Life here isn’t just one big frolic on the beach: there is teaching to be done. And I’d say my first go-around in a classroom was an eventful one.
Our program was bussed out to a local orphanage this morning to begin a full week of teaching practice. Up to this point we’ve been sitting in a hotel conference room from 9 to 4 everyday learning the basics of the trade, with a couple of peer teach sessions peppered in. I haven’t gone into detail about the whole thing because it would probably bore you all to death.
I have learned quite a bit, though, and it’s been good for me, even though I’d rather be sitting on the beach that sits practically meters from the hotel. But running through a lesson in front of your peers is far from what it’s like in front of nine mischievous 4 to 8 year olds.
We arrived at the Ban Sosa orphanage around 9 this morning, all gussied up for the first time in an eternity. Didn’t really matter though, since we had to take our dress shoes off at the door. Once we got in, we met the little buggers who were to sit through lesson after lesson of stuff they really probably didn’t care about. Once my buddy Mike got into a rousing rendition of “Head, Shoulders, Knees, and Toes,” and the kids seemed to respond enthusiastically, it was time for business.
Placed in teams of two, the teachers ahead of me performed admirably, even though the kids had an attention span of – well, four year olds. Then it was my turn. And let me tell you, trying to get jungle terms across to these kids was no easy task. Even though they seemed to understand what “monkey” and “banana” meant, they were largely disinterested in what I had to say. They also had no clue how to play charades, something I banked on them grasping.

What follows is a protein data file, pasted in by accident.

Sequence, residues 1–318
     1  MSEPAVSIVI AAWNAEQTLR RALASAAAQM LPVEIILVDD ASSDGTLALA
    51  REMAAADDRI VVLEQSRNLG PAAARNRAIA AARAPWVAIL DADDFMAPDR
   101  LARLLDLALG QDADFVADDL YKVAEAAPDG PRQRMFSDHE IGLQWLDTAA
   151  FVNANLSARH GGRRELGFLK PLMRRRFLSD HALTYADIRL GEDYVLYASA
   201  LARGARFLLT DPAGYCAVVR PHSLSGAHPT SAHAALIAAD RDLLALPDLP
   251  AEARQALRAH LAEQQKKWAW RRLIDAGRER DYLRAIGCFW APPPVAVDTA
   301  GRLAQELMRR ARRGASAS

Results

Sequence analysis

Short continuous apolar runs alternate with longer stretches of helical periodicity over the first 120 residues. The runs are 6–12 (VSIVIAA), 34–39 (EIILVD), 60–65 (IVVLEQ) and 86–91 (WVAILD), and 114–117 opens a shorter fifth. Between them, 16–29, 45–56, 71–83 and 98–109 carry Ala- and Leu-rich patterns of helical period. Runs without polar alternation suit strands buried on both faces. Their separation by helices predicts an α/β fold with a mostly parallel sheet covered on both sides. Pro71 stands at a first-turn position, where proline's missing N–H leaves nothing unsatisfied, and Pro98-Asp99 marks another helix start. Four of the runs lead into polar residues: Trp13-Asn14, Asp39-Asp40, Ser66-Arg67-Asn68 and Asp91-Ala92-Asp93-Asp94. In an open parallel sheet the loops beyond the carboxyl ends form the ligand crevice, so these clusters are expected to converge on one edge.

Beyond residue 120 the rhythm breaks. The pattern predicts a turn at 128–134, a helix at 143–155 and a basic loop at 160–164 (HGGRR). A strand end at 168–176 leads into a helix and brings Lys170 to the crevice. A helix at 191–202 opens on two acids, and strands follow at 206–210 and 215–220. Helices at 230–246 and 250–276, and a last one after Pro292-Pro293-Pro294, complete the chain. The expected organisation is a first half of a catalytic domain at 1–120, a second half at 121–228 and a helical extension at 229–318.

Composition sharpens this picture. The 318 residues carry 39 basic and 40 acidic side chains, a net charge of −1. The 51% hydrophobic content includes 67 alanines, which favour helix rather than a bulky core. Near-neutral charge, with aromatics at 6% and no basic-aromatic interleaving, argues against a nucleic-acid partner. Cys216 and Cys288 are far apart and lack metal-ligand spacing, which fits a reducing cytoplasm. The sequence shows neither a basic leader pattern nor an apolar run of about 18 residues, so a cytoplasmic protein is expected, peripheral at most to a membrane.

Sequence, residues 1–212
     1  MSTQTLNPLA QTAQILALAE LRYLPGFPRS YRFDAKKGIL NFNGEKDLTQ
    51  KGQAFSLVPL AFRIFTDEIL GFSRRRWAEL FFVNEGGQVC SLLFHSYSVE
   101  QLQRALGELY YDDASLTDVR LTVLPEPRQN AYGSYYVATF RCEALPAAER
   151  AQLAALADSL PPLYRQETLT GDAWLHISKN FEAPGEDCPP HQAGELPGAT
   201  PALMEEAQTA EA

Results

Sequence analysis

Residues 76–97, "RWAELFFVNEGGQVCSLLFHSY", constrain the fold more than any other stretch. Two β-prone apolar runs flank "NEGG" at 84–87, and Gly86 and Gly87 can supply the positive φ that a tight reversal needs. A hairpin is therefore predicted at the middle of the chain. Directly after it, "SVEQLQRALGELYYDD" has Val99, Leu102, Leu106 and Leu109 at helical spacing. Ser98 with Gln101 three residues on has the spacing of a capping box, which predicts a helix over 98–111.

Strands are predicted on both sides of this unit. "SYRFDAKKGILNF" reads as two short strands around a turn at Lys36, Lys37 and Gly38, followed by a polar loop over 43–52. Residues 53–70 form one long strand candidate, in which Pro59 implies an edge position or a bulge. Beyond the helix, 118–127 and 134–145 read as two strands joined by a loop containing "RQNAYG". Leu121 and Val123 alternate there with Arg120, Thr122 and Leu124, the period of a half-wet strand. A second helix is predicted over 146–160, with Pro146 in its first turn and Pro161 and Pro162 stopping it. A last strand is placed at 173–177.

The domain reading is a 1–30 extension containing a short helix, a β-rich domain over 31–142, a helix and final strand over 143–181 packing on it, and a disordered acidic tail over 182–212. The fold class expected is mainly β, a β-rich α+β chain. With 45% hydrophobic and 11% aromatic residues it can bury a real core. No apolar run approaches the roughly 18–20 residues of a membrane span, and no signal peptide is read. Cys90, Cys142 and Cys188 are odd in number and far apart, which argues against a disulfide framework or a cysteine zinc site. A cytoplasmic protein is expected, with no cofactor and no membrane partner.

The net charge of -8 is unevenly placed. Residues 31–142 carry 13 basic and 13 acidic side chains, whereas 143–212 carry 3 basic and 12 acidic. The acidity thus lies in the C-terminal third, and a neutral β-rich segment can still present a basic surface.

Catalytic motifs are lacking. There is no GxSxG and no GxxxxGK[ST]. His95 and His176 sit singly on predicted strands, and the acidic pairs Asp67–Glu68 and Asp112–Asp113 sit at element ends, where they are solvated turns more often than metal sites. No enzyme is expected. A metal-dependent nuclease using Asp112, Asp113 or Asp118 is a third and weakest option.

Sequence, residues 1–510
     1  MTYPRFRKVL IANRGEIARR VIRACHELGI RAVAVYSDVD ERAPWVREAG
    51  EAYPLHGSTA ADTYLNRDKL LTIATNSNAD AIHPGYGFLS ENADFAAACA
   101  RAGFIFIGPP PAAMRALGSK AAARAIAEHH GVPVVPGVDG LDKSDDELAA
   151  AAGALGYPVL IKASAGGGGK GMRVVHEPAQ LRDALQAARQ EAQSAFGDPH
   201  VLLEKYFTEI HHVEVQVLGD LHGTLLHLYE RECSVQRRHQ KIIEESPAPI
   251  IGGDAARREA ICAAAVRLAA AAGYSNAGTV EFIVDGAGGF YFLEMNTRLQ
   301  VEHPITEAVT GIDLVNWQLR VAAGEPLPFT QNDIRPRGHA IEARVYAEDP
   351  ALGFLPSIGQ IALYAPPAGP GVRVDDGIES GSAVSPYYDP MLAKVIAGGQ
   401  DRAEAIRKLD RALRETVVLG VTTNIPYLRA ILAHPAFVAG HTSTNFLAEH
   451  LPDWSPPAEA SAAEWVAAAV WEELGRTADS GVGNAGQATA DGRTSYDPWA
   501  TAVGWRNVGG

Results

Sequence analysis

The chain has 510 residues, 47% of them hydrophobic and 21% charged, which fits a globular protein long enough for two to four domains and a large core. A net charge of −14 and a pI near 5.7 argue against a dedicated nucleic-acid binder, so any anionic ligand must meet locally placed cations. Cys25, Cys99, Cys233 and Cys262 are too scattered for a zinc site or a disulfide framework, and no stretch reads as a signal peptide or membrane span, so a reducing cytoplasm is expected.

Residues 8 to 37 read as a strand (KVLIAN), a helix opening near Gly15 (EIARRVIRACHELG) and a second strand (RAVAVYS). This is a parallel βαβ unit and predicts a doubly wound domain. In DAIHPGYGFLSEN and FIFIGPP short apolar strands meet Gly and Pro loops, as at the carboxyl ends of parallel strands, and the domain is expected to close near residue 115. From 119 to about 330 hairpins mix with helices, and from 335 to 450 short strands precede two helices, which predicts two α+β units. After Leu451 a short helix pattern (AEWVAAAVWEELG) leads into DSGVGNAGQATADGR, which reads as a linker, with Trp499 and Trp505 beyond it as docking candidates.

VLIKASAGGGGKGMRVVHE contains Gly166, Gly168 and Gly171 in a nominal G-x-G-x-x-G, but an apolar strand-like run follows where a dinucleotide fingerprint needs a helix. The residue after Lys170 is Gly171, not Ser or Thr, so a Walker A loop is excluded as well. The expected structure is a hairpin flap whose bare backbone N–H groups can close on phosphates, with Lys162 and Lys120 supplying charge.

It was one extreme or the other. They were either going absolutely bonkers or they were giving me nothing. Their collective mood fluctuated like crazy. The whole thing left me drenched in my own sweat after my fifteen minutes in front of the class.
It didn’t get any easier for the teachers that followed me. Despite a valiant effort by my colleagues, the kids just seemed to check out and turn insane. Boys starting sleeping, girls started slapping each other – at one point there was even a dogpile in the middle of the room that essentially included every kid in there. It was utter chaos.
I did learn a thing or two about teaching, though. I learned that when you try to teach Thai kids the word “spider,” they say “Spiderman.” I learned that when you say “good job” enough times, sooner or later a kid or two will repeat exactly what you say, accent and all – “good job, good job” was one kid’s tagline. I also learned that nicknames like Beer, God, Pepsi, Poo – even Fuck – are all commonplace in a Thai classroom. But above all, I learned that you just gotta keep your cool, no matter what.
Even if they mock you with a “good job” or two.